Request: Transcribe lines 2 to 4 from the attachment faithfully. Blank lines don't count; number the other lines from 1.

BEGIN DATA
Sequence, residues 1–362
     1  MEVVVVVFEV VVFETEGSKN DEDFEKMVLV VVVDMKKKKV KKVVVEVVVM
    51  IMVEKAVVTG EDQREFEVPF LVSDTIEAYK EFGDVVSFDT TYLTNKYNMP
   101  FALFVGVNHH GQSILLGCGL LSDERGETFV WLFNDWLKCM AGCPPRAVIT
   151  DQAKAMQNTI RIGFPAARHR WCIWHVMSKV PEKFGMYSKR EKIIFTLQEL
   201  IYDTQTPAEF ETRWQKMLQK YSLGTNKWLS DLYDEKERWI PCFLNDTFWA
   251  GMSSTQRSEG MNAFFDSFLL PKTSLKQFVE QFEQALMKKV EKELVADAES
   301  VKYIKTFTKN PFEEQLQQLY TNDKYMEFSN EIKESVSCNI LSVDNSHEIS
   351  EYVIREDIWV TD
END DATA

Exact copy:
     1  MEVVVVVFEV VVFETEGSKN DEDFEKMVLV VVVDMKKKKV KKVVVEVVVM
    51  IMVEKAVVTG EDQREFEVPF LVSDTIEAYK EFGDVVSFDT TYLTNKYNMP
   101  FALFVGVNHH GQSILLGCGL LSDERGETFV WLFNDWLKCM AGCPPRAVIT